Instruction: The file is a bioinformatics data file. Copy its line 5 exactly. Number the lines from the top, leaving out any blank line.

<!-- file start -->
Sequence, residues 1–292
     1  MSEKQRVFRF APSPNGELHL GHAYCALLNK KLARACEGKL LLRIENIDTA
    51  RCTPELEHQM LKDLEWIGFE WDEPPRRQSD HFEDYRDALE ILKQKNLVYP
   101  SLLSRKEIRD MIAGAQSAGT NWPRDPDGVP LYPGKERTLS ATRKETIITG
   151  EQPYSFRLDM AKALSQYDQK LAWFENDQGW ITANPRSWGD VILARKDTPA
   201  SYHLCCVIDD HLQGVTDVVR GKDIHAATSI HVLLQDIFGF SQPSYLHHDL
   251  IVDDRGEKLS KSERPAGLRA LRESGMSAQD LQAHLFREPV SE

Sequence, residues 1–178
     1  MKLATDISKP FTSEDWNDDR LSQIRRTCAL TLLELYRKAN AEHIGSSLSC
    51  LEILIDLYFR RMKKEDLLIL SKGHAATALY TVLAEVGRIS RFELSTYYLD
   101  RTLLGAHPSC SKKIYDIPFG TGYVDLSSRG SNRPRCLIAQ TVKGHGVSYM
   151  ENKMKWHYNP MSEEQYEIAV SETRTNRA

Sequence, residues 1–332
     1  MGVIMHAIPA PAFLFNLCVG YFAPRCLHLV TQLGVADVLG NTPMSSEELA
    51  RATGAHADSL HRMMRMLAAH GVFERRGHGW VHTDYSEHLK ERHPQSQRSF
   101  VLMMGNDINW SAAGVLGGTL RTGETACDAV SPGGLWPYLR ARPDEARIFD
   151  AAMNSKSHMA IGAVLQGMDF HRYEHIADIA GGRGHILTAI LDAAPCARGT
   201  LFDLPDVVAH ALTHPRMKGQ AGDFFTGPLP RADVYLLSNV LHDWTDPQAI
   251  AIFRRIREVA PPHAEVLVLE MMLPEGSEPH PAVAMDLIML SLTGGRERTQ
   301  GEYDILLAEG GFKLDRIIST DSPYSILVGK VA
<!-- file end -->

   151  EQPYSFRLDM AKALSQYDQK LAWFENDQGW ITANPRSWGD VILARKDTPA